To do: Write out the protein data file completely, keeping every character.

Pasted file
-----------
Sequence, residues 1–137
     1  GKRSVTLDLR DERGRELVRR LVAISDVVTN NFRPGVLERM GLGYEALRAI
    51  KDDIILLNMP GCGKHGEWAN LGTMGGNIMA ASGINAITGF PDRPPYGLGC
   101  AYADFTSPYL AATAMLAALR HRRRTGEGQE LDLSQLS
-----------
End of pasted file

Sequence, residues 1–137
     1  GKRSVTLDLR DERGRELVRR LVAISDVVTN NFRPGVLERM GLGYEALRAI
    51  KDDIILLNMP GCGKHGEWAN LGTMGGNIMA ASGINAITGF PDRPPYGLGC
   101  AYADFTSPYL AATAMLAALR HRRRTGEGQE LDLSQLS